Nine Inch Nails: Downward Spiral

Nine Inch Nails Downward Spiral Music
by Nine Inch Nails

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It's an almost universally recognized fact that very few musicians are fully capable of combining cathartic and intense albums with fragments of postmodern philosophy. Whereas most bands whine and preen about the agonies of modern life and rarely penetrate the surface, Trent Reznor's ability to see deep down into the agony of his generation has rendered him, not unlike Nirvana's Kurt Cobain, as a national treasure. The difference between the two is that, somehow, Reznor managed to hit the brakes during his break-neck speed journey to total oblivion, and so it's Reznor who returns 'from the dead' to spread casual nihilism amongst the impressionable youth.

The debate which has recently saturated internet forums across the globe regards Reznor's religious beliefs. Although the pessimistic and hopeless lyrics of his breakthrough album 'The Downward Spiral' advocated a deconstruction of values that would have filled Friedrich Nietzsche with pride, the musician has undeniably mellowed somewhat in recent years. The subject matter of his lyrics is consistently dark, and often advocates a debauched lifestyle of hedonism. It's of course no secret that Reznor himself battled with addictions to alcohol and cocaine, but unlike famous self- destructive forerunners like Sid Vicious or Jim Morrison, Trent Reznor has lived to tell the tale. It's perhaps this sudden rejection of the downward spiral in his own life that has pushed Reznor to turn away from lyrics advocating suicide and casual nihilism.

His emergence onto the US music scene came about in 1994, following the release of his third album 'The Downward Spiral.' Concept albums such as this one were almost out of fashion – in fact, America hadn't really seen any concept albums of merit in the preceding years, except of course Pink Floyd's 'The Wall.' The album begins with a grainy and brutal sample from the George Lucas film 'THX 1138' and continues as it means to go on – a cacophony of bizarre industrial riffs, punctuated by depressing and suicidal lyrics. The tenuous storyline of the album is as follows: an unnamed narrator, having suffered from bouts of depression, decides that life is fundamentally devoid of all meaning and therefore decides to commit suicide. The album follows this anonymous speaker as he systemically destroys all of his preconceived beliefs, such as those of a benevolent god and intrinsic morality, before eventually shooting himself in the head. What surprises listeners is that despite the narrator committing suicide in the eponymous thirteenth track 'The Downward Spiral', there exists a fourteenth track, the now legendary song 'Hurt.'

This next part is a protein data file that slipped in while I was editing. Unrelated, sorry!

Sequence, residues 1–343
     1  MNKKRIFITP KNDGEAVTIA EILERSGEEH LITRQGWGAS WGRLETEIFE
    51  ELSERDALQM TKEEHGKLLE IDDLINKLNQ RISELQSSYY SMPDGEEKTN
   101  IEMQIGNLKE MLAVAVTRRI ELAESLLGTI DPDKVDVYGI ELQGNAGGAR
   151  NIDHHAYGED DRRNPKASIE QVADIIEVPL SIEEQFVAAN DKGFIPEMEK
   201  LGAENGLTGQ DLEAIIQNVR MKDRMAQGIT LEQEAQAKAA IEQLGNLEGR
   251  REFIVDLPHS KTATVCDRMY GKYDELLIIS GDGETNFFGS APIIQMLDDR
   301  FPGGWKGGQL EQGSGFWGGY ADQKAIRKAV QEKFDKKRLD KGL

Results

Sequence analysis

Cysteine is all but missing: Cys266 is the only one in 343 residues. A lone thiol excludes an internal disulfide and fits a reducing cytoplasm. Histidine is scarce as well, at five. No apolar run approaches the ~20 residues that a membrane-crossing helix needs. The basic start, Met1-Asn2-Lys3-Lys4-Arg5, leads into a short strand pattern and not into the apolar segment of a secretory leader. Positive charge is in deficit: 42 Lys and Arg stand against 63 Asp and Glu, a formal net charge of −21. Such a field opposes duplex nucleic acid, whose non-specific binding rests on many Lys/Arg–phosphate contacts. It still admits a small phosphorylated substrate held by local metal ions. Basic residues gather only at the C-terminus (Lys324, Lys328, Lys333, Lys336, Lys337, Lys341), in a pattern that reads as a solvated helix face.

'Hurt' has been interpreted by critics in many ways. Those who wish to corroborate the belief that Reznor is simply an ardent nihilist will claim it is an elegy to the death of traditional values of society: self improvement has been replaced by self destruction. Others comment on Reznor's audacity in bringing the marginalized social issue of self harm to the foreground, by molding a song around the dramatic situation of a narrator slashing his wrists with a needle. Furthermore, there is the interesting point that the 'needle in the vein' which is mentioned in 'Hurt', is also mentioned in the opening track 'Mr Self Destruct', creating a cyclic structure of heroin abuse within the album. Reznor himself has fiercely denied that he has ever been dependent upon heroin, and so it's possible that the imagery is simply a metaphor for something else – addiction to women, perhaps. However, the philosophical paradox that a narrator, who does not believe in the afterlife, is actually speaking to the listener from beyond the grace has sparked significant amounts of critical discussion. Some have even asserted that despite Reznor's image as the enemy of all organized religion and belief systems, there are a number of theistic ideas to be found in his music.

It would seem therefore that the true meaning of most of Reznor's work, 'The Downward Spiral' in particular, is extremely difficult to discern. Although there is undeniably a broad range of atheistic ideas within the songs, such as the 'God is dead' mantra of the fourth track, Reznor himself seems conflicted regarding the nature of death itself. For this reason, one can only assert that theists, nihilists and everyone in between are going to be tugging at Reznor a little longer, each group hungry to claim his ideas a genuflection of their own.
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It's easy to understand why Nine Inch Nails became the industrial band to break out of the techno ghetto and win a larger audience. Trent Reznor, who records the NIN albums almost entirely by himself (although he tours with a full band), tries very hard to pass himself off as an angry young man, but underneath the angst-ridden lyrics, pounding synths, and grating guitars is an irrepressible pop sensibility. On the second full-length NIN album, The Downward Spiral, Reznor builds his constructions of noise and gloom around warm, fuzzy melodies. On the album's first single, "March of the Pigs," for example, Reznor screams about swine lined up for slaughter amid guitars screeching in pain. Suddenly the guitars fall away to reveal the sensually throbbing rhythm track below; then that falls away to reveal a vocal-and-piano track that's as catchy as anything by Elton John. Because Reznor has a better handle on dynamics now, the melodic core is more obvious than ever. --Geoffrey Himes
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Jul 2, 2013
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